Why are Women’s Accomplishments Always Erased and Replaced By Men (like Freaking Brigham Young)?
I recently made a batch of rolls from a box of Lion House bread mix, sold at Deseret Book stores. On the back of the box is a large image of Brigham Young, who according to the accompanying bio loved to “personally taste” the bread made at the Lion House pantry, and his favorite was the bread they turned into this recipe for rolls.
My first question was, “Why is the space on the back of the box dedicated to a man who ate this bread, rather than the women who actually created, baked and perfected the recipe? Baking is hard to get right. How on earth does simply eating the bread elevate Brigham to the level where he deserves half of the packaging to be a picture and story about him?”
The answer most people would give is that he’s the most interesting and well known figure associated with the rolls, so of course they talk about him and put his picture there. The woman who created this recipe doesn’t have a prominent place in history and so no one would be interested in seeing her picture.
But why doesn’t she have a prominent place in history? I know why. It’s because men like Brigham Young are the ones who wrote the history. How do we know her story isn’t interesting? Have we tried to find out who she was or what she did? I mean, she most likely crossed the plains and lived in Salt Lake City in the early days, rubbing elbows with “important” people like Brigham Young, who apparently loved her baking. Did he make her one of his 50± wives for her breadmaking skills? Did she have kids? Did she come from Scandinavia? From England? Was she the only convert in her family and traveled halfway around the world by herself as a teenage girl in the 1800s? Did she write poetry? Sing? Dance? What was her story, her name, and her crazy life story that led her to baking bread in the Lion House Pantry on the frontier with the crazy outcast group of religious people they called the Mormons? How could her story NOT be fascinating?
Do women’s names and stories on baked goods not sell as much product? I can think of a lot of women’s names on food items, like Betty Crocker, Ms. Fields, Auntie Anne’s, Sara Lee, Little Debbie, Wendy’s, Mrs. Butterworth, Marie Callender, and Lorna Doone. I don’t know anything about any of these women. I don’t even know if they are real names of real people or not. But marketing with a female face and name seems to have worked out pretty well for those brands, so why are we marketing Lion house rolls with Brigham Young’s name?
Yet here we are. Even in the intensely female dominated arena of bread baking in the 19th century, the man who passively ate this bread is the one featured rather than the woman who actively created the bread. This is exactly what happens when history is written by men, and not women – only the men’s stories and names are common knowledge to the future generations. This box of rolls is just a small example of this enormous problem, and what are we doing in our church to fix this problem in the future? Not very much, considering we still give women almost no talks in general conference, and women hold only a fraction of higher leadership positions in the church (and none with authority). When the church looks back at 2021 a hundred years from now, they’ll probably still only see and hear the stories of men.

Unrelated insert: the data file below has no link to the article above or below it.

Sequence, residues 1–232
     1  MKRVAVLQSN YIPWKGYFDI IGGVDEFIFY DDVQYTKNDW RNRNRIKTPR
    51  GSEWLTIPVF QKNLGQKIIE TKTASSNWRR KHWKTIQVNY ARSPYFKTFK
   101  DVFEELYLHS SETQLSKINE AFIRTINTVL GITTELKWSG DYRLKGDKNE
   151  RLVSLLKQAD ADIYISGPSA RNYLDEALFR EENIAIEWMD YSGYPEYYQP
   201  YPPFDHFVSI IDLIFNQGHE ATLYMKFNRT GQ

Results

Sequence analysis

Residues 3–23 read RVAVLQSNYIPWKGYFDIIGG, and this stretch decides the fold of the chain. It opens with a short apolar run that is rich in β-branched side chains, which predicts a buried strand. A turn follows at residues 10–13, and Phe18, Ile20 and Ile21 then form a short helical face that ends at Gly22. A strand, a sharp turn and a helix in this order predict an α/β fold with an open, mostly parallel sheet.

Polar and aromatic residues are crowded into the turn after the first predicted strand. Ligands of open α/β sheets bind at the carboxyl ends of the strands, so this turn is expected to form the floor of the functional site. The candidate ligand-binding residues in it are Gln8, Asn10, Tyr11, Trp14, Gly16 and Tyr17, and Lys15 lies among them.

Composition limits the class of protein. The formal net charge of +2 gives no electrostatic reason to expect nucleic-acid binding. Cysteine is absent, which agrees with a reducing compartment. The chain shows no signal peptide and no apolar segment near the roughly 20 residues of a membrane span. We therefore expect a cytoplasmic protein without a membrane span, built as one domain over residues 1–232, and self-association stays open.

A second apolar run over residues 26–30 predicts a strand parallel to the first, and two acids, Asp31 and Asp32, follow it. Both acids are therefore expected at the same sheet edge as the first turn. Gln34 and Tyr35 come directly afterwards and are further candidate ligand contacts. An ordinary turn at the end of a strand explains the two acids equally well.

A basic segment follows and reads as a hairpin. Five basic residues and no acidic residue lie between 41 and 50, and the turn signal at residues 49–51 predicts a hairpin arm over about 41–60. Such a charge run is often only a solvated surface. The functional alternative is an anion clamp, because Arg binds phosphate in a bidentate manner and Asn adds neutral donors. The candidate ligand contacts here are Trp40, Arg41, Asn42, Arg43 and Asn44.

I graduated from Brigham Young University, coincidentally a place with no statues honoring women for accomplishments outside of nameless motherhood, where only three out of 112 buildings on campus are named after women (and only one of those is an academic building). A few years ago a student named Alyson Adams did a guerrilla art project for her BYU Art Education class where she printed out signs asking questions like “Where’s the building named after me?’ – Female LDS Scholars and Leaders'” and taped them to campus statues, raising awareness about BYU’s severe lack of female representation on campus. She said, “It seems like (women) are almost an invisible population in terms of representation in visible manifestations around campus. Within our BYU community and church community, we talk about all of these great men who have done wonderful things. But we forget about the women who were there too.” (You can read the Daily Universe article about her art project here.) You can also see some of the signs she put up around campus below:
I have a picture with my youngest daughter and myself from a couple years ago with the statue of Brigham Young on BYU campus. I remember she wanted to stop and rest because we’d walked a long way from our car and it was a warm day, and I still needed to make it a bit further to pick something up from the athletic department for a fundraiser. We were sitting by Brigham, a man whose checkered history has given me many complicated feelings about having his name on my college diploma, and I laughed at the weirdness of the situation and took a selfie with him. It took me a minute to find this old photo, but here we are in 2019, smiling and looking up Brother Young’s nostrils.
I just hope that by the time my daughter is strolling across BYU campus with her own daughter, they’ll stop to rest in the shade of a prominent female leader’s statue instead, like maybe Eliza R. Snow or Jane Manning James. Lady nostrils are much nicer to look up than Brigham’s, if you ask me.